|My definition of a good historical romance is a tale of two people who find love in a time period other than the present day, within the background and the nuances of life of that time period. Nan Ryan has not written that type of historical. Rather, Duchess for a Day is set in the turn of the century America but the actions are those of modern day lovers who hop in and out of bed in a torrid affair with no concern for who knows it.
Claire Orwell lives under a lucky star. She was falsely accused by her employer of stealing his jewels when she rebuffed his advances. In Newgate Prison, she is recognized as the love child of a prominent Royal attorney and is saved. She is offered the chance to work for the Duchess of Beaumont. The offer is to travel to America and open her summerhouse in Saratoga Springs, New York. Claire accepts, with the condition that the lady from prison who helped her be freed and travel with her. Thus begins a new adventure for Claire and Olivia Sutton (who is transformed on the journey so that she looks and acts like a lady's companion).
Arriving in New York, Claire and Olivia decide it would be fun if Claire acts as if she is the Duchess. It has been years since the Duchess was there and thus, no one remembers exactly what she looks like. When Claire is mistaken for her, they decide that Claire can act as the imposter and then, they will leave just before the real duchess arrives. And of course, Claire, who is the widow of a nice older man, can have a scorching affair with the man of her choice making for a memorable summer.
The man she decides to seduce and make her own is known as the Silver King, Hank Cassidy. Hank is a self-made multi-millionaire who made his fortune in the silver mines in Nevada. He loves horse racing and comes to Saratoga every summer. He is unmarried and spends the summer romancing the ladies when he is not watching the racehorses. He too is enthralled with Claire. They play cat and mouse games for a week or so and then, the real story begins. This is the story of lovemaking session after lovemaking session, day after day. They do it in every setting, including a closet during a ball; in every way including standing up and they don't seem to care who knows. In fact, they seemed delighted to scandalize everyone.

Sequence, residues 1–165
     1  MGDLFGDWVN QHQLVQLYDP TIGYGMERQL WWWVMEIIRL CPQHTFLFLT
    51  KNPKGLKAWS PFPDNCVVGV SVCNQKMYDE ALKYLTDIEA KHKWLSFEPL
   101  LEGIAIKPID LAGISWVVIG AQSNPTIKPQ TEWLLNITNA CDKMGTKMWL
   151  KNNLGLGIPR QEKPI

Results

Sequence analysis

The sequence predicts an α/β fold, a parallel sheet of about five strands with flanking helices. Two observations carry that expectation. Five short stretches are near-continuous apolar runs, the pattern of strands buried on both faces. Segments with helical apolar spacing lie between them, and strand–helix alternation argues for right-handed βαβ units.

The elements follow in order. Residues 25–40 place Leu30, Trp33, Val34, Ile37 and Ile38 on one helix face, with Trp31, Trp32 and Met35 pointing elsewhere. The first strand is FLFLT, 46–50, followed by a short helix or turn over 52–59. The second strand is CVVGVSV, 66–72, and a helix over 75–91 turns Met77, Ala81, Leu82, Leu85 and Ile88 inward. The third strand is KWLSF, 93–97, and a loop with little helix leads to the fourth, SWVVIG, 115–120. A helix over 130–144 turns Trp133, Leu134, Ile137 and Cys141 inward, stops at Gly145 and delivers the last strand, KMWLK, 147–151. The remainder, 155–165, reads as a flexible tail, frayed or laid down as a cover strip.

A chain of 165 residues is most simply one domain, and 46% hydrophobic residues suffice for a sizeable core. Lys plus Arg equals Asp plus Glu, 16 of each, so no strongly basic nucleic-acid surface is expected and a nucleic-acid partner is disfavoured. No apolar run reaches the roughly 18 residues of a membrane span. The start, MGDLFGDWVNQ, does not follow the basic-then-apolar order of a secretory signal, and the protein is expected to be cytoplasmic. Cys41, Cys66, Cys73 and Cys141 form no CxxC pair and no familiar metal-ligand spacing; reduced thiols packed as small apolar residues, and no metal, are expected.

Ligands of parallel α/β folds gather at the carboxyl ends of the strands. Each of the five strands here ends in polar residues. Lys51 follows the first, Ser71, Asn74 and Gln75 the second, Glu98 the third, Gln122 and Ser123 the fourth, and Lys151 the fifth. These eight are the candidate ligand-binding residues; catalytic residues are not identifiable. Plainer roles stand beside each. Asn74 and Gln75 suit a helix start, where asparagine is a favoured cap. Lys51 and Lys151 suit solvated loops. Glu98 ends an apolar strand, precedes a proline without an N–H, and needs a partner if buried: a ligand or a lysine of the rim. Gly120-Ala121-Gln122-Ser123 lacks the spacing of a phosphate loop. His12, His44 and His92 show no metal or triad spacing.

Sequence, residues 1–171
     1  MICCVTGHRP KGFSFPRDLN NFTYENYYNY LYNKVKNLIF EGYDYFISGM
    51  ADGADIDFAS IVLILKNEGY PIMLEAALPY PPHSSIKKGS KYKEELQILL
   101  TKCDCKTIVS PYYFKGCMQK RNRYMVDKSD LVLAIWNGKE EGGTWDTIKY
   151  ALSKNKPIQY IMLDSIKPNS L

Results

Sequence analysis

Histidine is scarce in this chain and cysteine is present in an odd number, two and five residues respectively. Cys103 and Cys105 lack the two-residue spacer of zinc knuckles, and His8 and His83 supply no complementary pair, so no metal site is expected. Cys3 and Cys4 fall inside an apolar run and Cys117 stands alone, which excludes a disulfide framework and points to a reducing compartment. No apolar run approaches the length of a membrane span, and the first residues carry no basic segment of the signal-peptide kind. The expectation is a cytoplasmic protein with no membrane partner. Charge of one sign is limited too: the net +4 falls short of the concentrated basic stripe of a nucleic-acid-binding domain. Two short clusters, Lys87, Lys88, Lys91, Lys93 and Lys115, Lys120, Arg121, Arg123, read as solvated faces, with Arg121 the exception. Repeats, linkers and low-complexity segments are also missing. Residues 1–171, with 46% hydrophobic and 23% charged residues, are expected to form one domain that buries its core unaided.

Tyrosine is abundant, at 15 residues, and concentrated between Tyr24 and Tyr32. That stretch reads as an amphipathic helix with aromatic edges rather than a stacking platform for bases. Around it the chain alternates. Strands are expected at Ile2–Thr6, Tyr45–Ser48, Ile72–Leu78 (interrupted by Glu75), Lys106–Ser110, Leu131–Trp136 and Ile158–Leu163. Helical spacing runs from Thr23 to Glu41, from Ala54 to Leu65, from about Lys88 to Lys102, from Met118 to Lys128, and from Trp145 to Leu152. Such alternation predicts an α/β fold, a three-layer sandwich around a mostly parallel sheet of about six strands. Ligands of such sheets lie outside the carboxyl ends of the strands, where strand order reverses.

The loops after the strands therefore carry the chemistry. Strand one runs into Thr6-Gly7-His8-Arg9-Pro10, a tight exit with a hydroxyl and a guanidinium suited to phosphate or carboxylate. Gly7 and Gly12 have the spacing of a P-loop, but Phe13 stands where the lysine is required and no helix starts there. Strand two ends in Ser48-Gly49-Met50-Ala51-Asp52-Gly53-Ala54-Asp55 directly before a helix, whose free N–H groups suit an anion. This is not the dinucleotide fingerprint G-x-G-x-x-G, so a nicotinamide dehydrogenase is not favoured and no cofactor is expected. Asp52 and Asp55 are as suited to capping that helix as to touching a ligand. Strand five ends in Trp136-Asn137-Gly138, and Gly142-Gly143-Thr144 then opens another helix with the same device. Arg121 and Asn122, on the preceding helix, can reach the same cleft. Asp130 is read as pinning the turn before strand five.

There are a few subplots that are thrown in at the end about the real duchess and the Lord who framed Claire showing up in Saratoga, but these were hastily added to provide an ending and really were of no consequence. When true love prevails at the end, it was almost sickeningly sweet, given the nature of their relationship throughout the book.
I wish there was more to comment on. There is a slight side romance between Olivia and Hank's horse trainer, but other than a few dinners, it is never really developed. There are some jealous women, but other than looking pathetic panting after Hank, it really did not enhance the story. There is even some horseracing jargon; but this too is glossed over when Hank and Claire get distracted and go off to make love instead of watching the races.
I enjoy erotic love scenes in my books at times, but the problem with this story is that there is no real story beyond the love scenes. Hank and Claire enjoy each other's company, we are told, but the fact that Claire is never truthful about her identity seems to put a twist on their relationship that I could never fully get past. How can Hank love her when what he knows is all a lie? And Claire is never even really upset that she has lied to him, because she is determined that they will part company; hence she shows no remorse.
Lust turning to love is a familiar plot line. But in any good romance, there needs to be more than just lovemaking every five pages. Honestly, rabbits enjoy themselves less often than these two lustful creatures. If you are looking for a good romance, give
Duchess for a Day a pass. If you like lots of sex with no other plot, this tale may be more to your liking.